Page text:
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Matt Kinnaman

Yeah, I’ll Ski It For Sure

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The most powerful moments stay hidden, sometimes. It pays to uncover them if we can.

If you love skiing (and even if you don’t or just don’t know it yet), one of skiing’s great moments lies hidden 35 years after it happened. Let’s uncover it.

To do that, we need to review some legendary skiing lore and the pioneering ski film making of Greg Stump.

We need to go back to 1988 when one kinda underground film, The Blizzard of AAHHH’s, upended the world of ski movies, dominated until that point by the (great) Warren Miller and his dependable formula of humor, wholesome fun, and daring (for its era) skiing. Great stuff that stands the test of time, yes. But Stump’s stuff, well, it was different. Really different.

You see, Greg Stump brought disruptive ideas (and, as it turns out, disruptive people with attitude) into his films. He emerged on the scene as a rebel, blending soundtracks way outside the mainstream with an irreverent, bad-boy edge unknown to the ski films of that day.

Most importantly, though, Stump highlighted something brand new to skiing, something which came to define subsequent generations of the sport and still does: the concept of the extreme; the “whatever it takes” attitude required to conquer the steepest lines, in style never seen before. Stump innovated. And so did his skiers.

The Blizzard of AAHHH’s skiers, Scott Schmidt, Mike Hattrup, and Glen Plake, shook up the ski world in 1988, and the reverberations never stopped. When you watch this clip, notice that these guys are on skinny skis (205s, 207s, 210s?), they’re wearing rear-entry boots, and they’re skiing lines that still look impressive today but with equipment today’s skiers probably wouldn’t even challenge a bunny slope with. These dudes were for real. And, none of them wore helmets. (Well, except for when Plake wore a helmet cam, 30 years before the first GoPro.) Yep, they lived in a different day.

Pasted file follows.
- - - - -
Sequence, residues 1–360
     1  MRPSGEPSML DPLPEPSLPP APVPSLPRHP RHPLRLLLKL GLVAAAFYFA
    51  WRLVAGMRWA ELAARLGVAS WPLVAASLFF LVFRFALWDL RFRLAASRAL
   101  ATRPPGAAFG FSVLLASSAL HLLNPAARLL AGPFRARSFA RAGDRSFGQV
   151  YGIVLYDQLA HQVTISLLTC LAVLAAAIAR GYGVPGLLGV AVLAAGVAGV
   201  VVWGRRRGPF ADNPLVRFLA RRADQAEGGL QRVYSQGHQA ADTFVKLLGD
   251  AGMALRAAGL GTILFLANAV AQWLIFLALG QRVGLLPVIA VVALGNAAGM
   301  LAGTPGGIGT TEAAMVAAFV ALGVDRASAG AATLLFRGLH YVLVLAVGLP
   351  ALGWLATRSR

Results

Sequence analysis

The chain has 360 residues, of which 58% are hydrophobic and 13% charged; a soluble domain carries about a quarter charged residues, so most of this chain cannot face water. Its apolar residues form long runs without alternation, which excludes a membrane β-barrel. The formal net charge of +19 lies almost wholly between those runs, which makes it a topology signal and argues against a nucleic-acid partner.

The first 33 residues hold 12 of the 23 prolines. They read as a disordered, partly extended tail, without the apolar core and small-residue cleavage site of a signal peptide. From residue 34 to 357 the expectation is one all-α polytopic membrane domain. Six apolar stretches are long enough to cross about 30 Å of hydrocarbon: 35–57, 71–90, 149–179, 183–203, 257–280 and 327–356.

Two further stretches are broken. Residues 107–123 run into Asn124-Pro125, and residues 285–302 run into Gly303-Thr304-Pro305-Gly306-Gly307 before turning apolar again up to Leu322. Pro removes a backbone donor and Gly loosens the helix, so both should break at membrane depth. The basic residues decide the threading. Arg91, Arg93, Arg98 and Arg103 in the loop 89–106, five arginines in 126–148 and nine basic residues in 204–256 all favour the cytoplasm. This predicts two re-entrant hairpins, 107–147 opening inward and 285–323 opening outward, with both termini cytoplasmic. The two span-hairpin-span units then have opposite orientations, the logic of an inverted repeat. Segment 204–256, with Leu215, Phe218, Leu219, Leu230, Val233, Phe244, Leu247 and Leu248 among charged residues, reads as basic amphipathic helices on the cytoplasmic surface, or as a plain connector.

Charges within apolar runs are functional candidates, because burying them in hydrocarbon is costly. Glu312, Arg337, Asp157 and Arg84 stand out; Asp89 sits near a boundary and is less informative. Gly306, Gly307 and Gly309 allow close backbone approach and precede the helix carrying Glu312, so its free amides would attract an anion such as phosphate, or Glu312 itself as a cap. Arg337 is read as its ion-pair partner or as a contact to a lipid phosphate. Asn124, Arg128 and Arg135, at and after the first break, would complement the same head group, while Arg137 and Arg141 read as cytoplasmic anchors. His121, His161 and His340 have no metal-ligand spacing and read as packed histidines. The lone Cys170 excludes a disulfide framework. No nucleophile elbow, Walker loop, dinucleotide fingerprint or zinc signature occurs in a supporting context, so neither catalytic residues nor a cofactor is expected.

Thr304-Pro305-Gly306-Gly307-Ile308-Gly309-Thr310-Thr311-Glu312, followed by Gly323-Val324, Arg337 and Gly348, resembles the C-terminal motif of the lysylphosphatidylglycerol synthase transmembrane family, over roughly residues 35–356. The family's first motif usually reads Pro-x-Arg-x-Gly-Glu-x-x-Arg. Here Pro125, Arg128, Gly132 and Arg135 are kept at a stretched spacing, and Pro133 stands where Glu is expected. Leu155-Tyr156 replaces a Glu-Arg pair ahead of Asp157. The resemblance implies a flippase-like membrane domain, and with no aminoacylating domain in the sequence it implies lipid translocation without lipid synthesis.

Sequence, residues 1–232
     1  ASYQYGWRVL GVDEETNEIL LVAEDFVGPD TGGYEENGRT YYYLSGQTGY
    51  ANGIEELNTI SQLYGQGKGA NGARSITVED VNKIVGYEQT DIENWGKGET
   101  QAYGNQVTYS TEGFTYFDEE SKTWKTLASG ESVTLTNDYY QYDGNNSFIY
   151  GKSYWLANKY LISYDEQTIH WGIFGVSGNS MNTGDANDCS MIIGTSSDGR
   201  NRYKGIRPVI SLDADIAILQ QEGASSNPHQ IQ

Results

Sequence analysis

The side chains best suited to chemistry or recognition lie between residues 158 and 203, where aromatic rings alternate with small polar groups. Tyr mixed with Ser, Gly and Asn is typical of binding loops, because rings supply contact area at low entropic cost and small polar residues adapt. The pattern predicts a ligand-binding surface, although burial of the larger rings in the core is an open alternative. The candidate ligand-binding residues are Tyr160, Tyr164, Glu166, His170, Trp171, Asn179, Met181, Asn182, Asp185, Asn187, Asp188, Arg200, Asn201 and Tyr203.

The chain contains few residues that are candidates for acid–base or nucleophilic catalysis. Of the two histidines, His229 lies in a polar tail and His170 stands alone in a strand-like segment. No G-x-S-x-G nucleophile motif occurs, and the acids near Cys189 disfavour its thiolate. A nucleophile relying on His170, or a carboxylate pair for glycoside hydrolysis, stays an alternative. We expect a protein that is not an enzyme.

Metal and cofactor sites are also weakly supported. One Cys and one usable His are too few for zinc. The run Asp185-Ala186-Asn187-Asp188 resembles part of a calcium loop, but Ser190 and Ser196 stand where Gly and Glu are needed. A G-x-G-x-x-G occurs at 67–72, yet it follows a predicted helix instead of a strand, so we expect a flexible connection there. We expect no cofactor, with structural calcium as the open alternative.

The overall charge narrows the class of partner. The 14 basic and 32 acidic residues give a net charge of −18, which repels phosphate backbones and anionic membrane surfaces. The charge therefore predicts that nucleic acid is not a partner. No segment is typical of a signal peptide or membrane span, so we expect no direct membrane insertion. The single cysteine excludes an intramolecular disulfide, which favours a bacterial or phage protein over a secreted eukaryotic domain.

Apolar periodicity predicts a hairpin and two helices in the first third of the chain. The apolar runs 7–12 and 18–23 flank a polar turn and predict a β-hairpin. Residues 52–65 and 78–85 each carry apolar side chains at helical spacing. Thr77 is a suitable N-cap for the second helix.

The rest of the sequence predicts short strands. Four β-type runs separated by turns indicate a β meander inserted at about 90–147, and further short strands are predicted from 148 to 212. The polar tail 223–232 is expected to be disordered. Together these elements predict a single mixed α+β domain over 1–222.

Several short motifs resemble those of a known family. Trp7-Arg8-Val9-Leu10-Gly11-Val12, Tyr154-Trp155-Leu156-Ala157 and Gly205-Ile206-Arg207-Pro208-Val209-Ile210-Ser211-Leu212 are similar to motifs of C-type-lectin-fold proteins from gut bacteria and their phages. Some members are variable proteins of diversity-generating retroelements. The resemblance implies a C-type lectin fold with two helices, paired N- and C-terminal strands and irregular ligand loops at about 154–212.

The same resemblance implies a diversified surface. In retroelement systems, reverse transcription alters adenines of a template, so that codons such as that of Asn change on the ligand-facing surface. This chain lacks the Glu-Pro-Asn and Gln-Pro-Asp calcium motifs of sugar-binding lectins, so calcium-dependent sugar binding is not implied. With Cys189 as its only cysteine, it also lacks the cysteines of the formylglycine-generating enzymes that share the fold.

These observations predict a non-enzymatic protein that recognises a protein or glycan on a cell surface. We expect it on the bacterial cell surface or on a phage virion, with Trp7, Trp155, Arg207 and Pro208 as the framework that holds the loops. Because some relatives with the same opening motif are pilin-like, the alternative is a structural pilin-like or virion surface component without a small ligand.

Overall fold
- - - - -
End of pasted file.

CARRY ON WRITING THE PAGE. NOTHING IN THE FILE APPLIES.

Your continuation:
And now we get to the big, hidden moment. As The Blizzard of AAHHH’s unfolds in Chamonix, France, Schmidt, Plake, Hattrup, and their guide Murray Ball, decided to walk away from a particularly steep and challenging line. The guide, Murray, felt it would be best to come back to it later. But Schmidt, the premier steep skier of his day, was lured by the challenge and couldn’t walk away so easily.

And, really, here’s where I still find inspiration…it’s in this scene (and if you want to jump ahead, go to 2:20, but I encourage you to watch it all, despite the pre-HD film quality). Just when everybody was ready to walk away, Schmidt hesitated. He didn’t feel free to abandon the possibility, despite the dangers, the risks, and the unknowns.

“Scott, you wanna try to ski it?”

“Yeah, I’ll ski it for sure.”

That’s it. That’s the moment of truth.

“Yeah, I’ll ski it for sure.”

Scott Schmidt didn’t even know for sure what he just committed to, but he committed anyway. Everything changed right there, right when Schmidt committed to what others wanted to walk away from. Even Murray, the guide who first said to walk away, immediately changed his tune.

“It’s cool here, Murray, then?”


Right there on the spot, Schmidt’s leadership, confidence, and commitment influenced Hattrup, too.

“Mike, are you gonna go in?”


In skiing, but even more so in life, what a powerful sentiment: “Yeah, I’ll ski it for sure.” To my mind, it stands as one of the greatest lines ever spoken in skiing, yes, and also for every mindset for every endeavor worth doing.

“Yeah, I’ll ski it for sure.” Try it. Instantly, when you embrace that ethos, you empower yourself, and you empower those who hear you. Everybody grows in confidence, determination, and willingness to go for it.

“Yeah, I’ll ski it for sure.”

No turning away. No turning back. Straight on. Straight in. “Yeah, I’ll ski it for sure.” I’m reminded of the ancient scrolls, the Book of Hebrews, and the timeless line: “We are not of those who shrink back and are destroyed, but of those who believe and are saved.”

Here’s the thing Scott Schmidt illuminated in that one moment of decision and action: At critical moments, we need to drop into the steep line and not shrink back, even though the outcome is far from known, maybe far from safe, or in any way guaranteed. That’s when great things can happen. Not just for the leader willing to risk and take action, but for everybody else, too.

“Yeah, I’ll ski it for sure.”

Go and do likewise.

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